Suntech Power Surges on Beat, Strong Production Forecast

Chinese photovoltaic [PV] panel maker Suntech Power Holdings surged 11.36% in pre-market action (as of 8:06 AM ET) on a strong earnings beat and projections it would reach 1 gigawatt of PV cell production capacity by the end of 2008 - two years ahead of schedule (full earnings call transcript later today). Q3 net earnings rose 85.7% to $53.3 million, good for EPS of $0.32, including $0.04 a share in stock-based compensation. Sales more than doubled to $386.7 million from $163 million a year ago. Analysts were expecting EPS of $0.28 on average, on sales of $355 million. The company opened a new 1 gigawatt production facility in Wuxi, China raising its PV production capacity to 420 megawatts in Q3. As a result of strong orders, Suntech raised its year-end production capacity target to 540 megawatts, from a previous target of 480; it also upped next year's year-end PV production capacity target to 1 gigawatt, from a previous forecast of just 600 megawatts. It expects FY2008 revenue of $1.9 billion to $2.1 billion (midpoint of $2 billion); analysts were forecasting FY2008 revenue of $1.95 billion.

3M Enhances Personal Protection Gear With $1.2B Aearo Acquisition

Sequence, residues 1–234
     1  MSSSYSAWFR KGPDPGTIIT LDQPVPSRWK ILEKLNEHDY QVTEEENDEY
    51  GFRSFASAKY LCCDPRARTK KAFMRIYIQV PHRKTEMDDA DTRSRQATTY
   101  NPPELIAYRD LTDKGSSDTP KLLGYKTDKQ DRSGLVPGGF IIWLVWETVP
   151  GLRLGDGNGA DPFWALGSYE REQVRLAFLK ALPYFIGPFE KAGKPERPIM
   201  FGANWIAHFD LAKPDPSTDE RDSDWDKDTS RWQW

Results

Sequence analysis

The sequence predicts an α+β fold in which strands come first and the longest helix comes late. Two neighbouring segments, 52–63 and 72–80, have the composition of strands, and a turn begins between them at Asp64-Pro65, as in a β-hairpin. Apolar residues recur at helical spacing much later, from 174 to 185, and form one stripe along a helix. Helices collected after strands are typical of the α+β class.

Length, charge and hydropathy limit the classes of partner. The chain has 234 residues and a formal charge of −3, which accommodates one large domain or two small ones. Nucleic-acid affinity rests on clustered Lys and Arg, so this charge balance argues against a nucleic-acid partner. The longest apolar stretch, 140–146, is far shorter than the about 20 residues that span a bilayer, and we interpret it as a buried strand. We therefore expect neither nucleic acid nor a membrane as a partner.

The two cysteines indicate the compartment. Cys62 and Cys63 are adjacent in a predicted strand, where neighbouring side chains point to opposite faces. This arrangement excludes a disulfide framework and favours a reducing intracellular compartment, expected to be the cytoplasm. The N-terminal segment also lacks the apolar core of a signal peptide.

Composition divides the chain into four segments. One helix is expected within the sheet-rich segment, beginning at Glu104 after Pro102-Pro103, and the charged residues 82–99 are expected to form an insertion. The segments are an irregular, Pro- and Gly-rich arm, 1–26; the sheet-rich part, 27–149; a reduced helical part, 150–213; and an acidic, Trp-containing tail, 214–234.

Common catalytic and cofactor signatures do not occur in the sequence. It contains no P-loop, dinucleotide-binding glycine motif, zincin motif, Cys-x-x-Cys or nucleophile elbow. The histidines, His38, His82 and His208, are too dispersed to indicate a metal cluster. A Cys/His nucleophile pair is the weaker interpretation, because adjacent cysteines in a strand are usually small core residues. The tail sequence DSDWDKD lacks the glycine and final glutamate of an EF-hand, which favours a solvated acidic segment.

3M (MMM) said Thursday it has agreed to acquire privately-held Aearo Technologies for $1.2B in cash, in an effort to expand its occupational health and environmental safety program. Aearo's hearing protection, eyewear, and fall protection products will supplement 3M's respiratory line to provide industrial and military customers and consumers with a more complete personal protection solution. "Aearo complements and significantly broadens our core safety and personal protection business, a space which is growing fast and of strategic importance to the company," 3M CEO George W. Buckley said (press release). Aearo's hearing and eye protection products include E-A-R, Peltor, AOSafety and SafeWaze. Aearo's current yearly sales are $508 million. 3M said the deal does not change its 2007 guidance and will not likely close until Q1 2008. Lehman (LEH) advised 3M on the transaction. The purchase brings 3M's year-to-date shopping spree up to at least 16 acquisitions. During 3M's Q3 earnings call, Buckley told investors the company, "announced two further acquisitions in the month of September, this makes 15 acquisitions year-to-date, and I wouldn't be surprised if we announced a few more before the year is out." He added, "Our investments in R&D and in acquisitions are clearly paying dividends," (full transcript).